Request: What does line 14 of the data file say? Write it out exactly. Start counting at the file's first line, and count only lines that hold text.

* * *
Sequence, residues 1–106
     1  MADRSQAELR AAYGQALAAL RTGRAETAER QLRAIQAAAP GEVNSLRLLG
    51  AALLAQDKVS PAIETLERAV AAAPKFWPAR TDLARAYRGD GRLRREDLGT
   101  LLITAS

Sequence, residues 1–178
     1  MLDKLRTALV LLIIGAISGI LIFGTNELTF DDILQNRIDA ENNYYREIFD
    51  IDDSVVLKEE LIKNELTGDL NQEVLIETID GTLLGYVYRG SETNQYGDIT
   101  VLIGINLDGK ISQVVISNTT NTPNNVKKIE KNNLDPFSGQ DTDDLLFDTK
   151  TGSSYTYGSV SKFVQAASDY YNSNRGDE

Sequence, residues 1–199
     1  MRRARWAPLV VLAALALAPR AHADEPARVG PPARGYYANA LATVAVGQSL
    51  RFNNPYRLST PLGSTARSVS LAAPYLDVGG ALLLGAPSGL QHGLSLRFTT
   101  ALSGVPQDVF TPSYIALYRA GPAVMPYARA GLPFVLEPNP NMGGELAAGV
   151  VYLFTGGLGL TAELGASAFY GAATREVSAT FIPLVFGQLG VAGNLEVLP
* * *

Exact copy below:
   151  VYLFTGGLGL TAELGASAFY GAATREVSAT FIPLVFGQLG VAGNLEVLP